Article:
Cautious welcome to pollution drive

PUBLISHED : Friday, 12 January, 2007, 12:00am
UPDATED : Friday, 12 January, 2007, 12:00am

Offending power firm promises to mend its ways

Beijing's latest crackdown on industrial pollution, targeting top power producers and development-minded local governments, has received a cautious welcome from environmental experts and even the affected companies.

Although the campaign, which named and shamed dozens of polluters, was well-intended and came amid worsening environmental degradation, it remained to be seen whether the mainland's top environmental watchdog could win its lonely crusade against powerful government agencies and interest groups, they said.

The State Environmental Protection Administration (Sepa) on Wednesday took on the country's top power producers - Huaneng, Datang, Huadian and Guodian - and four local governments, accusing them of falling short of environmental standards. Sepa also suspended approvals for all of their new projects.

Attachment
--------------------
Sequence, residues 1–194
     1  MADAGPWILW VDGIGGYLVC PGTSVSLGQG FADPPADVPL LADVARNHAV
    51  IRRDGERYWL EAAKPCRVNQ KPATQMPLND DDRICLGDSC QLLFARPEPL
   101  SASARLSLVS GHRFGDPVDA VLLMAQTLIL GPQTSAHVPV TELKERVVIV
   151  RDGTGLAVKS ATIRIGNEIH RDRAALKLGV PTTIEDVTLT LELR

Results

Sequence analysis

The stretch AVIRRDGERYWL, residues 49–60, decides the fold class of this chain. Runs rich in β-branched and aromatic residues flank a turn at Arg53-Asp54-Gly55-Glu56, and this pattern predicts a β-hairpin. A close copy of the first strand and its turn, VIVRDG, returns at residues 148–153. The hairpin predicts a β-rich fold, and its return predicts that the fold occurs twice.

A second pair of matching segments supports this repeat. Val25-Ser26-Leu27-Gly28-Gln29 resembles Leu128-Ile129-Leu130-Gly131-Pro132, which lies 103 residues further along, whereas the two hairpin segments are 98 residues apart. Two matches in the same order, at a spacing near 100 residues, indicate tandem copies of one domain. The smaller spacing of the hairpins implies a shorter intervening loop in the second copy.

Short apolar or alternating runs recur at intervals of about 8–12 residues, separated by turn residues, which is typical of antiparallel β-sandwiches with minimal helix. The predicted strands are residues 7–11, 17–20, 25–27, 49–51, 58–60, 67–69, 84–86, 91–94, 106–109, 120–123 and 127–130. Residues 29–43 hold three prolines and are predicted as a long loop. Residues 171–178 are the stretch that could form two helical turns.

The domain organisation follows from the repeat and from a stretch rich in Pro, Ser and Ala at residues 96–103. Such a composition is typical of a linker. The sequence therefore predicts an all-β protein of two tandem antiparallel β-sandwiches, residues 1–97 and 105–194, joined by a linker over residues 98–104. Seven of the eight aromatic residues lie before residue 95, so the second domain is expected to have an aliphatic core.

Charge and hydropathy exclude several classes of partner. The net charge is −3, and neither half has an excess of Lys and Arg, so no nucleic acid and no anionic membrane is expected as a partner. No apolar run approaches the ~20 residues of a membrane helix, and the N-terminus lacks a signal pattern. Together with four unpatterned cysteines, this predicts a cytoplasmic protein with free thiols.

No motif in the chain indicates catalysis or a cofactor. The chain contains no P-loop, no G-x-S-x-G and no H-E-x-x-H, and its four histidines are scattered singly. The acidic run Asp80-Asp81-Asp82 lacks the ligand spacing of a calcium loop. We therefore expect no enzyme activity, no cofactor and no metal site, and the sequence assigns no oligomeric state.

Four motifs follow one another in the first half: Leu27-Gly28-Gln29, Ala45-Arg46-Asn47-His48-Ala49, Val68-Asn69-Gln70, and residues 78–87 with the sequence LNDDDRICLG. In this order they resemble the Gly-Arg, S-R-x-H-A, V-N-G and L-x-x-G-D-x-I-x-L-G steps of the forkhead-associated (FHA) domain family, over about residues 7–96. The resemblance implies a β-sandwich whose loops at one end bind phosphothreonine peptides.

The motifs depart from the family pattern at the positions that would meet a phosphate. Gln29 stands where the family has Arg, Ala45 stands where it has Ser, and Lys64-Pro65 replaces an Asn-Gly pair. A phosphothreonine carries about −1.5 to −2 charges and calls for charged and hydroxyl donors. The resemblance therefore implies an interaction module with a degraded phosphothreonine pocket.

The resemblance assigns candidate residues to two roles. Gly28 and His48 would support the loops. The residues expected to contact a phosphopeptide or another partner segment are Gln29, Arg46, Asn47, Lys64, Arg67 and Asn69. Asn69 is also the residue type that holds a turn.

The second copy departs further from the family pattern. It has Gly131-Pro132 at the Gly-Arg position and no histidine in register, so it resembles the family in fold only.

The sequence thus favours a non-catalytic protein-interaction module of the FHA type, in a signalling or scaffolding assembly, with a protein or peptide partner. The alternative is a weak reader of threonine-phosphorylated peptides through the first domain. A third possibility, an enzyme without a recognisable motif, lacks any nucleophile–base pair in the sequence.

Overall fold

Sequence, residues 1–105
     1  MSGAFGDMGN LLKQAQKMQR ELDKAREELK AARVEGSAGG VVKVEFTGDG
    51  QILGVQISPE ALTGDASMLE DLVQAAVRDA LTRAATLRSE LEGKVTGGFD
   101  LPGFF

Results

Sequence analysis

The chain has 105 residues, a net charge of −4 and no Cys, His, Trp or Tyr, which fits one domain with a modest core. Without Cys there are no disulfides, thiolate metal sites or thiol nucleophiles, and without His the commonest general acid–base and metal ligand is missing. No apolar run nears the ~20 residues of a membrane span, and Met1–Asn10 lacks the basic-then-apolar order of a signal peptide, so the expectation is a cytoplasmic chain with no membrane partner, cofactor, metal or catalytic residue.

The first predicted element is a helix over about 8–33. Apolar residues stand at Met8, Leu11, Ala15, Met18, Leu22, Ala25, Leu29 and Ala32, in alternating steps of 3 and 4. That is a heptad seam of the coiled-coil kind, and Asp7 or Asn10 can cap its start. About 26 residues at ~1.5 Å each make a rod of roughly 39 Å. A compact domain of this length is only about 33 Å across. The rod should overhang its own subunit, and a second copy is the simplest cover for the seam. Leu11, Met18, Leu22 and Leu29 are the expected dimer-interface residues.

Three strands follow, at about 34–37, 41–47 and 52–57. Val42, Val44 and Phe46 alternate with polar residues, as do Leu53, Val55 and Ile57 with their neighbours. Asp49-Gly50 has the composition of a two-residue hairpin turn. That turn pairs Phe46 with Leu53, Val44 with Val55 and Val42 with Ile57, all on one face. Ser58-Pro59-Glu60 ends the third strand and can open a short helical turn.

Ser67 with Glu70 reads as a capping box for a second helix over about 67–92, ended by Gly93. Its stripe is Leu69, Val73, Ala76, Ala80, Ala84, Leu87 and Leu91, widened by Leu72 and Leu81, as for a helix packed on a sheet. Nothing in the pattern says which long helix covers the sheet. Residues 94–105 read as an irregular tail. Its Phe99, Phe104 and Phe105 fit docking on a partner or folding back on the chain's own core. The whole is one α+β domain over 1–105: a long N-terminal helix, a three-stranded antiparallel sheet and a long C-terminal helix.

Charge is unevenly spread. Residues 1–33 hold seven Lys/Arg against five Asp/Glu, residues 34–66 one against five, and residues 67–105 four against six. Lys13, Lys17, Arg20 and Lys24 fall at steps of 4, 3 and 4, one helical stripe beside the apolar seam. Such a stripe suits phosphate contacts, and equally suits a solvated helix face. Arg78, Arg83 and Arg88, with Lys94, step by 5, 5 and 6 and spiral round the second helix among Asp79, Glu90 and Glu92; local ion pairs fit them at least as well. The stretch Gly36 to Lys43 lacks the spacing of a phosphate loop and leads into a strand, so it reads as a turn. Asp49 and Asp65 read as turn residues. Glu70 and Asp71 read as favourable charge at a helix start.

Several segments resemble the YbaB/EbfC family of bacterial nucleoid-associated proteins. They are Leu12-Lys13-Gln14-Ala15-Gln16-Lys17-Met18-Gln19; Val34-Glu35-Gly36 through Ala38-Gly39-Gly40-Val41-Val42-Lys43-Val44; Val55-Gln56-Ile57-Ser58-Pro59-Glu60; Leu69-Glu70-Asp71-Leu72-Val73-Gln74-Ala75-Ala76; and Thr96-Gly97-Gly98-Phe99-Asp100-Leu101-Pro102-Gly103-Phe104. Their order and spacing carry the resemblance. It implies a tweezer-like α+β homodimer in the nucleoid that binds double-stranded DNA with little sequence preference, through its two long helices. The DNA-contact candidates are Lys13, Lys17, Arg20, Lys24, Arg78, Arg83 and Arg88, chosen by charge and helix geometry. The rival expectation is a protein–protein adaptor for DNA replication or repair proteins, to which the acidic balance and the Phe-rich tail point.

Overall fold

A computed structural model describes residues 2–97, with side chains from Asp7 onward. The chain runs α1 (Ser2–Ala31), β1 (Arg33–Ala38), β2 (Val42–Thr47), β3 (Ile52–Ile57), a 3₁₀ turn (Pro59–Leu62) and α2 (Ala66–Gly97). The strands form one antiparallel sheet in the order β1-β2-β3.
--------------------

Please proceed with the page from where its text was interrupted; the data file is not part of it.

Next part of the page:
Zeng Xiaodong, vice-president of the Sepa-backed All-China Environmental Federation, the country's biggest environmental non-governmental organisation, said it was unlikely there would be a positive result in the war on pollution without sufficient punishment for responsible officials.

'Sepa's move shows that no companies, no matter how big they are, can be exempt from the central government's policy of cutting energy consumption and controlling pollution,' said Mr Zeng, a former Sepa vice-minister.

'But the crux of the anti-pollution campaign is whether government officials at all levels and company leaders who fail to implement environmental policies can be seriously punished.'

He said similar crusades by the watchdog in the past three years had been effectively hindered by rampant local protectionism, which blindly supported high-pollution sectors such as chemicals, power generation and steel.

'The only effective way to tackle the problem is to dismiss those defiant cadres from office, and frankly that's the only thing they are afraid of,' Mr Zeng said. 'I don't see a good chance of winning the campaign without any serious punishment of local officials.'

Huaneng said it would act immediately to minimise the impact of the penalities. 'The company has paid attention to the ... decision and we have begun our own investigation,' a spokesman said.